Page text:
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Revision as of 08:27, 9 May 2013 by Stefw (talk | contribs) (Some minor tweaks)
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Join the current machine to an Active Directory domain using sssd as an AD client, using a one time password.


  1. Make sure you have other required software:
    • realmd 0.14.0 or later
    • adcli 0.7 or later
  2. Verify that your Active Directory domain access works, or set a domain up.
  3. You need a domain administrator account.
  4. Your machine must have a configured host name. Do not proceed if you host name is localhost or similar.
    $ hostname
    Make note of the host name.
  5. Remove the following packages, they should be installed by realmd as necessary.
    $ yum remove sssd samba-client
  6. Delete any existing computer account in the domain for this machine:
    $ adcli delete-computer -U AdminUser hostname
    It's fine if this command tells you the computer account doesn't exist
  7. Precreate the computer account in the domain, and set a one time password.
    • You can also use the adcli tool to create a reset computer account:
      $ adcli preset-computer -U AdminUser --verbose --domain --one-time-password=MyPassword hostname
      Make sure the hostname is the same as the one returned above

How to test

  1. Perform the join command.
    $ realm join --one-time-password=MyPassword
    Don't use --user to specify an domain account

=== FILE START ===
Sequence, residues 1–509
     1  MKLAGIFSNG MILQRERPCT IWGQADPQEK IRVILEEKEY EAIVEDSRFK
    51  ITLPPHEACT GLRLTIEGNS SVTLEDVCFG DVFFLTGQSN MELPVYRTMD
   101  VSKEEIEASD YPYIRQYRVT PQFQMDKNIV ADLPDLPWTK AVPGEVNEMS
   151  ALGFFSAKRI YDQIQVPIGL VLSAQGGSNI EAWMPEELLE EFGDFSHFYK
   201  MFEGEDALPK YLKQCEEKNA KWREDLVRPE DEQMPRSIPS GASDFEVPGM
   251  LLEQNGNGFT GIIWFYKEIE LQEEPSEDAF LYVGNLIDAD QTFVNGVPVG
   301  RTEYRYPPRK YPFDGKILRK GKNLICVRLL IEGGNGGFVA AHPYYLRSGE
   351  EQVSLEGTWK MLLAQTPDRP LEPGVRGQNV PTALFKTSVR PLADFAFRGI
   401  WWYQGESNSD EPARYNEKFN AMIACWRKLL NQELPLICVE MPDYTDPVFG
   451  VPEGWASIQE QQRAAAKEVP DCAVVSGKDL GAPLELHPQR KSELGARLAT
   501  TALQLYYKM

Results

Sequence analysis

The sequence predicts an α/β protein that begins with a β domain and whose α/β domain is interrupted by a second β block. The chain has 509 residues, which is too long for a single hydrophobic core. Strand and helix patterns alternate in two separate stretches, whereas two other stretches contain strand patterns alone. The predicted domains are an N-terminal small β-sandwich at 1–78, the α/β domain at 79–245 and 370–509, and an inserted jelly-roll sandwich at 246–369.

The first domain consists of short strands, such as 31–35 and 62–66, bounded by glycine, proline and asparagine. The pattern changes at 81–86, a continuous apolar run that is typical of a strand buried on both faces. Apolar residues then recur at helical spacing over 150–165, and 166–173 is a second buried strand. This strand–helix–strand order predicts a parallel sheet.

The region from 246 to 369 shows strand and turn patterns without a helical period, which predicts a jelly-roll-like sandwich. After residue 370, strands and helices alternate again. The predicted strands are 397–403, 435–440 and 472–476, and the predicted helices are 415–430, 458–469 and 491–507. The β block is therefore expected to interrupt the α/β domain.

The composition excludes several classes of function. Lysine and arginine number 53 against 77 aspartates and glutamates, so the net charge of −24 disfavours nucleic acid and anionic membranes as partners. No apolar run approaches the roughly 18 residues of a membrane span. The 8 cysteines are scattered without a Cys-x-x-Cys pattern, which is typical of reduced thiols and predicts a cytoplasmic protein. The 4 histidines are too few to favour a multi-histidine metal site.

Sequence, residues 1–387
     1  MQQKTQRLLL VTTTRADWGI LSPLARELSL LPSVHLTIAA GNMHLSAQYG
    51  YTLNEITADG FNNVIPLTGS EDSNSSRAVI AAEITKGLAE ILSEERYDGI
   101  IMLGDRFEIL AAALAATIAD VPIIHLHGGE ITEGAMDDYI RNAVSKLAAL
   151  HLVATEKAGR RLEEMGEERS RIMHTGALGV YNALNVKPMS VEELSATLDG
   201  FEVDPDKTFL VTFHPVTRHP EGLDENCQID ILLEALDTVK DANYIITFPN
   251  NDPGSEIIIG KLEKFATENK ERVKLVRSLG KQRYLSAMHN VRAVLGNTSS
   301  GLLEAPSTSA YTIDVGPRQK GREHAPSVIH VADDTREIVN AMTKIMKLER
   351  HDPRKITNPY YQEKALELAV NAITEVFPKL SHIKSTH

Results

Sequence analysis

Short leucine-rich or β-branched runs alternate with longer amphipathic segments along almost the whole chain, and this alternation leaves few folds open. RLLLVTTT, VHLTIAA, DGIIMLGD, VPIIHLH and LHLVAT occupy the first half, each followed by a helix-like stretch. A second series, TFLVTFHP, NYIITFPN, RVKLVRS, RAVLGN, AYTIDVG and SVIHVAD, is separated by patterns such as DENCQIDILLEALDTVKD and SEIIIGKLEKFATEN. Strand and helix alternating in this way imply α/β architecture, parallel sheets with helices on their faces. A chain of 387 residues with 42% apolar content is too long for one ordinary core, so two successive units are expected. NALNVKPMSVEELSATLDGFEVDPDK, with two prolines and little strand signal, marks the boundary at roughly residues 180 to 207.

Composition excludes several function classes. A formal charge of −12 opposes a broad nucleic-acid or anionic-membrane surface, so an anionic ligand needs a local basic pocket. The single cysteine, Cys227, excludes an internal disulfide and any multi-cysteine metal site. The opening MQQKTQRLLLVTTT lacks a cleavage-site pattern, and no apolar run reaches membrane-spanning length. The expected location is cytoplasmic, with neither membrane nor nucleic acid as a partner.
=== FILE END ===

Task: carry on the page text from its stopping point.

On a successful join there will be no output.
    This can take up to a few minutes depending on how far away your Active Directory domain is.

Expected Results

  1. Check that the domain is now configured.
    $ realm list
    Make sure the domain is listed.
    Make sure you have a configured: kerberos-membership line in the output.
    Make note of the login-formats line for the next command.
  2. Check that you can resolve domain accounts on the local computer.
    $ getent passwd 'AD\User'
    Make sure to use the quotes around the user name.
    You should see an output line that looks like passwd(5) output. It should contain an appropriate home directory, and a shell.
    Use the login-formats you saw above, to build a remote user name. It will be in the form of DOMAIN\User, where DOMAIN is the first part of your full Active Directory domain name.
  3. Check that you have an appropriate entry in your hosts keytab.
    sudo klist -k
    You should see several lines, with your host name. For example 2 HOSTNAME$@AD.EXAMPLE.COM
  4. Check that you can use your keytab with kerberos
    sudo kinit -k 'HOSTNAME$@AD.EXAMPLE.COM'
    Make sure to use quotes around the argument, because of the characters in there. Make sure the hostname and domain are capitalized.
    Use the principal from the output of the klist command above. Use the one that's capitalized and looks like HOSTNAME$@DOMAIN.
    There should be no output from this command.

More: Try one time password again

You should not be able to use the one time password again.

To verify this, leave the domain using realm leave and then try the above How to test actions again. It should fail this time.


Use the --verbose argument to see details of what's being done during a join. Include verbose output in any bug reports.

$ realm join --verbose

If adcli preset-computer fails with '! The computer account <hostname -s> already exists', then you can delete account with

$ adcli delete-computer -U AdminUser <hostname -s>